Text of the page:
How To: Introduce Solids

How To: Introduce Solids

Baby showing all the signs of being ready to start eating real food? Exciting (messy!) times are ahead! Starting solids can sometimes seem a little bit daunting, especially when your little one has existed solely on milk since birth! But fear not, we've got you covered with our top tips for getting on the food train!

How To: Introduce Solids

A quick note; there is always a lot of chatter around when the right age/time is to introduce solid food to your bub. Here at Milkbar, we adhere to the World Health Organisation recommendation that solids should be started around 6 months of age. This should be alongside breastmilk/formula as, especially in the beginning, your little one will only be eating very small amounts of food (they'll likely be getting more on their face than anywhere else!)

Is my baby ready for solids? Look for the signs

Knowing when your baby is ready to start food is probably the most important step when it comes to introducing solids. And all bubs will hit this point at different times. Some will be super interested from 5.5-6 months, others might be less than enthusiastic till a little later. Our advice? Don't rush it and don't stress too much if your just-turned-6-months-old little one isn't showing much interest.

While certain minerals like iron and zinc start are required as bub gets older, milk (breastmilk or formula) will still be the primary source of nutrition in the early days of solids (the 5-7 month mark) so you can rest easy knowing your baby is still getting plenty of nutrients. As your baby adjusts to eating, this will gradually start to shift and they will begin to get more nutrients from food and slightly less from milk.

Here's what to keep an eye out for if you think your baby is getting close to the solids stage.

  • Your bub will be around the 6 month mark, as per WHO guidelines.
  • They will be able to comfortably sit upright without support.
  • They will have lost the tongue thrust reflex (this pushes food and other items out of your bubs mouth and will start to disappear as they get older).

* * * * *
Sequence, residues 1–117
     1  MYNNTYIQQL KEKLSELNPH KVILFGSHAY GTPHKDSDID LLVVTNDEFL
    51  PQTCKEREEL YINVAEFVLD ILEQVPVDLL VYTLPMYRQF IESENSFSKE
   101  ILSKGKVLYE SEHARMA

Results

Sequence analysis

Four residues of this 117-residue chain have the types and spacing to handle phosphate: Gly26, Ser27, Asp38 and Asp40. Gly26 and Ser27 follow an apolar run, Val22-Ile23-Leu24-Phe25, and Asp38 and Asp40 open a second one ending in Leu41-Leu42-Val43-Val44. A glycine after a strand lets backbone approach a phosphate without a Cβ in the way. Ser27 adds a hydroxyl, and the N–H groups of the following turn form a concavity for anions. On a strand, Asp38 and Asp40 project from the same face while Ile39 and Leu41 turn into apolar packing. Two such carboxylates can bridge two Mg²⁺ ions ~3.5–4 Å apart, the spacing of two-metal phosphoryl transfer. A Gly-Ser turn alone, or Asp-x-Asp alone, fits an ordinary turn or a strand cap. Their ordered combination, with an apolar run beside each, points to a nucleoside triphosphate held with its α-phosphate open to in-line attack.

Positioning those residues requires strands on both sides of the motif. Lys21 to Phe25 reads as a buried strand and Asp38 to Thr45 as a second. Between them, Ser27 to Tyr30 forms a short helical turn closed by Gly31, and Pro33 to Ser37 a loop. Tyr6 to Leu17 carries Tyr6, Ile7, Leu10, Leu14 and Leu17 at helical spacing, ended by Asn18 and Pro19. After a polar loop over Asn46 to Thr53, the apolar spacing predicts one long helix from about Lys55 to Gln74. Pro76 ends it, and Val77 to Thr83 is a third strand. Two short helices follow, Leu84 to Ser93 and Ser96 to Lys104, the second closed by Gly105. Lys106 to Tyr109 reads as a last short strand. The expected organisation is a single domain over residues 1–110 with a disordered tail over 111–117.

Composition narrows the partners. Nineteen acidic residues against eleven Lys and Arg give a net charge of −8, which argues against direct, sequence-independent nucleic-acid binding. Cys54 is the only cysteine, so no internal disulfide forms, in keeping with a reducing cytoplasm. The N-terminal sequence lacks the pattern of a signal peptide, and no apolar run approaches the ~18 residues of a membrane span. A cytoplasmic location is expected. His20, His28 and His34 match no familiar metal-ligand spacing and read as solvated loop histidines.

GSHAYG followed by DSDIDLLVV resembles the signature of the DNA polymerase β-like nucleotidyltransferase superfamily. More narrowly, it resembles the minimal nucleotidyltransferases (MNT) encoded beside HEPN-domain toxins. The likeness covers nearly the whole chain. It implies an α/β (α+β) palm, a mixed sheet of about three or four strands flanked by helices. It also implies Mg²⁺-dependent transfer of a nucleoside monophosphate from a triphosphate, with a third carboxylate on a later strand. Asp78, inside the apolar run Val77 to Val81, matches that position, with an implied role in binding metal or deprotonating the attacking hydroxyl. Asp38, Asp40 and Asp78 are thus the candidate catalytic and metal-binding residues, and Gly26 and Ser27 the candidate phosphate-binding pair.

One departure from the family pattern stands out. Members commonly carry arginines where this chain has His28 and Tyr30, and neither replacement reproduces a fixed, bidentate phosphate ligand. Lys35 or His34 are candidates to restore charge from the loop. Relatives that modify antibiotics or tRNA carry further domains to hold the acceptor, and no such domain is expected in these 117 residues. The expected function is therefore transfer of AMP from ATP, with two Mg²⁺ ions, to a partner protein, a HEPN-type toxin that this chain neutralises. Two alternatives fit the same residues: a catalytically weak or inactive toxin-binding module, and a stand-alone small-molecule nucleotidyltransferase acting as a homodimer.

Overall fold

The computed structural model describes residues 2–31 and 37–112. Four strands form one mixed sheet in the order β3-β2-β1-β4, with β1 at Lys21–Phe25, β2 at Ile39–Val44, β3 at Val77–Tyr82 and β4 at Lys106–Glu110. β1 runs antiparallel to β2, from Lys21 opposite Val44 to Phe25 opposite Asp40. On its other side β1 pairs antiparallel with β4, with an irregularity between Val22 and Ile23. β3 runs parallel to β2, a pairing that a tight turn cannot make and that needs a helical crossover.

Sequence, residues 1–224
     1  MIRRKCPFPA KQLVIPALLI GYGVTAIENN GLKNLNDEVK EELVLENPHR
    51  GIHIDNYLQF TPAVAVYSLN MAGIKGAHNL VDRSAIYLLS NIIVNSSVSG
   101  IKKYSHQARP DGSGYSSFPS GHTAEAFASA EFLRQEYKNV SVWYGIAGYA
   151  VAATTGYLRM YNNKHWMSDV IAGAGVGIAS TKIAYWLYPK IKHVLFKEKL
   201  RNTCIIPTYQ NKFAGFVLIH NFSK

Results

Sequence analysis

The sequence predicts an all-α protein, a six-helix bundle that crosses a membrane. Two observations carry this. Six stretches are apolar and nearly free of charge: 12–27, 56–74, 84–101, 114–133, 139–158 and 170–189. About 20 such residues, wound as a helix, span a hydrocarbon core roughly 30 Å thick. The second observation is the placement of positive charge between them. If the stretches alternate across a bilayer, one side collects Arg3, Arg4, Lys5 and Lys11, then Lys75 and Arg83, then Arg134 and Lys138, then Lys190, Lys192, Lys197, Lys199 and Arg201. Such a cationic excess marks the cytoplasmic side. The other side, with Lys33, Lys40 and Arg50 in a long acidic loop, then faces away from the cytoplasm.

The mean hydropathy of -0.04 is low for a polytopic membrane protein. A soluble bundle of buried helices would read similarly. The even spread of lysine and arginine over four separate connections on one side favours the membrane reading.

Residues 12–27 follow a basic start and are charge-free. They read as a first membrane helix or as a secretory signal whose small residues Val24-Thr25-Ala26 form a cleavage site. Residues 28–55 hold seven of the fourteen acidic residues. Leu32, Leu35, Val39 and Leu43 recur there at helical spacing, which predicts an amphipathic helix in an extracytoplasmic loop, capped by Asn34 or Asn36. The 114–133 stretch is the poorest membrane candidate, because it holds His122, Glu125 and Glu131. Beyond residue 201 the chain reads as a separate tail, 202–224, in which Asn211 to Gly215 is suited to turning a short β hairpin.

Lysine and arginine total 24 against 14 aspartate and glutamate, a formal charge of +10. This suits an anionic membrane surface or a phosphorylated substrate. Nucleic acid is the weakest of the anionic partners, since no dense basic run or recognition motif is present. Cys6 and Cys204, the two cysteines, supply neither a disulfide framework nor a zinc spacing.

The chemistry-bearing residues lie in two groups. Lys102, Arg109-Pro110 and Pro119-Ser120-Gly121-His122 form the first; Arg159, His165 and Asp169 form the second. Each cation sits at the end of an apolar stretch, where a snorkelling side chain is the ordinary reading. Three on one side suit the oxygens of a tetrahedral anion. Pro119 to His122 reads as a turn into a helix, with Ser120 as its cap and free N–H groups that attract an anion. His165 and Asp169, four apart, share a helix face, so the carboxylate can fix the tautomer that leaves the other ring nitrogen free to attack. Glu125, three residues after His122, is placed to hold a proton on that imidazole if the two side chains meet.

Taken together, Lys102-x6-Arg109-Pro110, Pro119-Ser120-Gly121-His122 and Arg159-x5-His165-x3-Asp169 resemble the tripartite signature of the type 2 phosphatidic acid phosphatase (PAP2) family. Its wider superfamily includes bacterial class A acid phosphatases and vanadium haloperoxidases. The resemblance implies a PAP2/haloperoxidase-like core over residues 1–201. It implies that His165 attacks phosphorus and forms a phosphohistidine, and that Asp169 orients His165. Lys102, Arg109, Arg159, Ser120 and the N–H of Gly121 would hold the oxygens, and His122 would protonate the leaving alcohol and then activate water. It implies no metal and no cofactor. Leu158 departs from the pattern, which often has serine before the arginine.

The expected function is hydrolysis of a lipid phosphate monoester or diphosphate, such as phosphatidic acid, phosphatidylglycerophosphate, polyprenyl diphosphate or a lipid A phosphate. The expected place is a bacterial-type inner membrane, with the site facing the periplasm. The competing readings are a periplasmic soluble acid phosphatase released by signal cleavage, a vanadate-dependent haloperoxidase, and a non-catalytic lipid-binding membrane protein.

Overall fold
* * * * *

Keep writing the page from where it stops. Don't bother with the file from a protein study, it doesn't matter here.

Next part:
• They will show an interest in food and what the people around them are eating (though its worth noting that younger babies who may not be quite ready for food will often show interest in what their parents are holding/eating and enjoy putting everything in their mouth).

Where to start

Most parents start with a vague idea of how they might like to introduce solids. Usually it's via something like Baby Led Weaning, where your bub eats the same food as the rest of the family, purée/baby specific foods or a mix of the two. Let's take a closer look at how these two primary methods differ.

Baby Led Weaning

Baby Led Weaning or BLW is all about forgoing traditional purées and mashes and letting baby eat whatever the rest of the family is eating (with some exceptions/modifications as necessary).

As the name suggests, your baby will set the pace and feed themselves without much intervention or assistance from you. The general first step for BLW is offering finger foods for baby to explore. Be warned though, BLW can get very (very) messy! It is however a very easy, fun way to start solid foods and you can offer pretty much whatever you like (except for honey and whole nuts prior to 12 months). From toast fingers to lamb chops, veggie sticks to boiled egg, it's all fair game when it comes to BLW.

Below are some great examples of BLW friendly foods but you will often find that the majority of foods can be modified to suit your little one.

Image source: Jenna Helwig